Recently we reported that Chrome has added support for MathML, a good method for representing maths on the web. Now a comment on a discussion about enabling MathML in Chromium, the open source web browser project from which Google Chrome draws its source code, has announced that this feature will be turned off, for now. The comment, from user firstname.lastname@example.org yesterday, says:
Note that MathML has had to be turned off because the code is not yet production ready.
We hope to turn it on in some future release. We plan to announce this in the Chrome 25 release notes.
Earlier today user email@example.com posted this clarification:
To summarize the current status of this bug: We’d like to enable MathML in Chrome, but the WebKit code still needs further improvements before we can ship it.
Further information: Enabling support for MathML.
via @pkrautz on Twitter.
Update 07/02/2013: Google giveth, and it taketh away. MathML support in Chrome has been disabled until it’s “production-ready”.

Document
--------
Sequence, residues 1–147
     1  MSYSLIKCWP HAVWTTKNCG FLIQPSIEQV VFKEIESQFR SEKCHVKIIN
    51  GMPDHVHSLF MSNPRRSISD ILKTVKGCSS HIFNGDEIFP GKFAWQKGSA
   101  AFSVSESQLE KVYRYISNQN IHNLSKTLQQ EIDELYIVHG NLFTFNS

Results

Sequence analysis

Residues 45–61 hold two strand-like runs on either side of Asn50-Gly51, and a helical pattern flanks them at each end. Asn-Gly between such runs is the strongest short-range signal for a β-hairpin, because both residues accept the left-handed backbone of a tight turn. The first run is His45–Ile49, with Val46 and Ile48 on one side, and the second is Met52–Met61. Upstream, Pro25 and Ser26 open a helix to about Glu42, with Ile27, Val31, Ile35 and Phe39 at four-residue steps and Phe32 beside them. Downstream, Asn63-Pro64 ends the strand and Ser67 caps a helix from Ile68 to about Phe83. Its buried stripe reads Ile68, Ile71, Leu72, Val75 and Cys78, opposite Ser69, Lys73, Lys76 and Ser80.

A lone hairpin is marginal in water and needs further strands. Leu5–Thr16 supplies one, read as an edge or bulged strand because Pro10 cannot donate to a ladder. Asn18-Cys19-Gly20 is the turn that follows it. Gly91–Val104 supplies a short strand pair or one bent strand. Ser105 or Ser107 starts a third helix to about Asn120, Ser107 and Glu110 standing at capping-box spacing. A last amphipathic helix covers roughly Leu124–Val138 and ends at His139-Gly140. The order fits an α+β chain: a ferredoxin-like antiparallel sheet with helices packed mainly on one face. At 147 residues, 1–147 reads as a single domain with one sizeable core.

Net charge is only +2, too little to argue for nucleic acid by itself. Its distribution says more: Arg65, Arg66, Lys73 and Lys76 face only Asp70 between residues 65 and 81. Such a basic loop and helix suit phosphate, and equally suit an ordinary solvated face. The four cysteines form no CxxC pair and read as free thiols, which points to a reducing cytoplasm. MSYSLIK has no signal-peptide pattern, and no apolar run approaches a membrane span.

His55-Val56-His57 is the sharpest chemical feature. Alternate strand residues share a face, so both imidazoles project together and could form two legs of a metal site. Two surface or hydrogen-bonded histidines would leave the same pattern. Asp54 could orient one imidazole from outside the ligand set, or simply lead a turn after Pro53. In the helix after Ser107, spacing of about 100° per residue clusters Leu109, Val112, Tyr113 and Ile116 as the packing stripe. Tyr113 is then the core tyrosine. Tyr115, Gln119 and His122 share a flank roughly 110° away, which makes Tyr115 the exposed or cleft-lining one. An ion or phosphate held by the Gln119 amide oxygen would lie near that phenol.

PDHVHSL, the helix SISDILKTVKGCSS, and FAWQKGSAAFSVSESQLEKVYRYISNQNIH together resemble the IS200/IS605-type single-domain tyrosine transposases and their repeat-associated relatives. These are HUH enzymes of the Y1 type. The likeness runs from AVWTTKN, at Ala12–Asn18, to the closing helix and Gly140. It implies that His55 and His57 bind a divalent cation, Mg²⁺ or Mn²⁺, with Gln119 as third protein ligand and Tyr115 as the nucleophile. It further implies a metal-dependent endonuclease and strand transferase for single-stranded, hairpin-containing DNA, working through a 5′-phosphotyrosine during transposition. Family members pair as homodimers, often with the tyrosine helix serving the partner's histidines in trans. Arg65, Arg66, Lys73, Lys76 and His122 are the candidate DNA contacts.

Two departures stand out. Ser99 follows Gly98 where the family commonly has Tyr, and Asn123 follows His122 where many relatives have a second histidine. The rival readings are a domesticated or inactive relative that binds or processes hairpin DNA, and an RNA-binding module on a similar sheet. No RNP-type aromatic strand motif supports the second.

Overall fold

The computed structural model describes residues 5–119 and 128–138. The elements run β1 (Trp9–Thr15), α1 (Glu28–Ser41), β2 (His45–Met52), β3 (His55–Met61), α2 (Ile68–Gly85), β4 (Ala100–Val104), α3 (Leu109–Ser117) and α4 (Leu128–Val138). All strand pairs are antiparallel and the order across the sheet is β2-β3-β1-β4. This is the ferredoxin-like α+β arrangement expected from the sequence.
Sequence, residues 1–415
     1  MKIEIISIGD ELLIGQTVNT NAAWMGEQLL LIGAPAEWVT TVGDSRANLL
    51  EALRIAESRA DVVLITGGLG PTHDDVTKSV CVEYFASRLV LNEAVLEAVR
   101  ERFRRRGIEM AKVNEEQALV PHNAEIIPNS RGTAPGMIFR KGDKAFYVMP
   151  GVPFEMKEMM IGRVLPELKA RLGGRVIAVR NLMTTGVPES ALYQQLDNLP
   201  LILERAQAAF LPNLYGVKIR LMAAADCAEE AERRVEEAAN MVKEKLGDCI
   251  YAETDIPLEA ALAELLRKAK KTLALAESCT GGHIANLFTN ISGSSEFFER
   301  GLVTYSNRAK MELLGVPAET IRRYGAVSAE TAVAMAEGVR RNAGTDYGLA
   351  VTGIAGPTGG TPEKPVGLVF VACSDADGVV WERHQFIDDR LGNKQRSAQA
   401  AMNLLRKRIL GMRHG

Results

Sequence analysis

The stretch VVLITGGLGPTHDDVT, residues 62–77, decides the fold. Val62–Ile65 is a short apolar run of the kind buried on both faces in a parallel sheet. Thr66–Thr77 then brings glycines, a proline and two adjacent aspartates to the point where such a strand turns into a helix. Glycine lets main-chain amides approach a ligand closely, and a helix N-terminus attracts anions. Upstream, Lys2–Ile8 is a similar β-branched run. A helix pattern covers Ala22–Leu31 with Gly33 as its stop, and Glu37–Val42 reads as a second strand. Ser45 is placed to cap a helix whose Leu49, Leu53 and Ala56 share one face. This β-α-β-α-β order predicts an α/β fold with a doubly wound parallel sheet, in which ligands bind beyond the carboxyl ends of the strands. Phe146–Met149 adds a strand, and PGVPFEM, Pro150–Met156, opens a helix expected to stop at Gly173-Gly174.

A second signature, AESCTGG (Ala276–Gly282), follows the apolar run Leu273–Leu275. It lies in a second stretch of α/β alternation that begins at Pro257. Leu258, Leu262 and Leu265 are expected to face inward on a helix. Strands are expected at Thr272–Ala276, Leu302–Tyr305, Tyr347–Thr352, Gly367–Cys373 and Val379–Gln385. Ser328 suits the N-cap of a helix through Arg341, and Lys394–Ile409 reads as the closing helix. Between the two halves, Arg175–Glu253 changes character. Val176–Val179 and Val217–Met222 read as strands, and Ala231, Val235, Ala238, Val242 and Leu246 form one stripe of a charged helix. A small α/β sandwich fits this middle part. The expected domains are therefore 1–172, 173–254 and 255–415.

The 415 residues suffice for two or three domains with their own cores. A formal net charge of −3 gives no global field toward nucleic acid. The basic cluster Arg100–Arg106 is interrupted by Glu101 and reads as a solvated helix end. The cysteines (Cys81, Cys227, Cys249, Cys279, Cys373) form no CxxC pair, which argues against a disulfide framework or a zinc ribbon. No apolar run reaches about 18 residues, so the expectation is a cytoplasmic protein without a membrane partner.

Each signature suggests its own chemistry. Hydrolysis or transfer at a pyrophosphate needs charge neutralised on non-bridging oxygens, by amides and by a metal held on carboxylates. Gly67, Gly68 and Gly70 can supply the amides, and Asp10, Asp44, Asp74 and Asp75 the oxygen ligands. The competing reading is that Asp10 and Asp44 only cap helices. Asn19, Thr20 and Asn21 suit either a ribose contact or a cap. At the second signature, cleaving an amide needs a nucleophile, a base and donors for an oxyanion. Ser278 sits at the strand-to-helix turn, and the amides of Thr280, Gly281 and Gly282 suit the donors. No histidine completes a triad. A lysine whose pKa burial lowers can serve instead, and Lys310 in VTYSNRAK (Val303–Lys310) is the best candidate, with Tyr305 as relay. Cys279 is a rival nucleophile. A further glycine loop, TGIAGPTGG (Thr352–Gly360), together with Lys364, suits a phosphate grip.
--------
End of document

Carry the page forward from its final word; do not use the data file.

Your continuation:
Putting maths on the web has always been a tricky proposition. Typesetting notation is a highly complicated procedure, so for years people have got by either by compromising on aesthetics and writing equations in plain, unadorned text, or by using off-line LaTeX compilers to make blurry images of what they’re trying to say.
According to a post by Frédéric Wang on the Mozilla MathML mailing list, Wikipedia now supports rendering mathematics via MathJax (and through it, MathML). Wang says:
Today, a new Math rendering mode has been added to Wikipedia. You need a Wikipedia account to use it. In My preferences => Appearance => Math, choose “MathJax”. Once enabled, MathJax’s HTML-CSS output will be used by default. If you want to use MathML instead, right click on a formula and choose “Math Settings => Math Renderer => MathML”.
Source: New MathML option available in Wikipedia.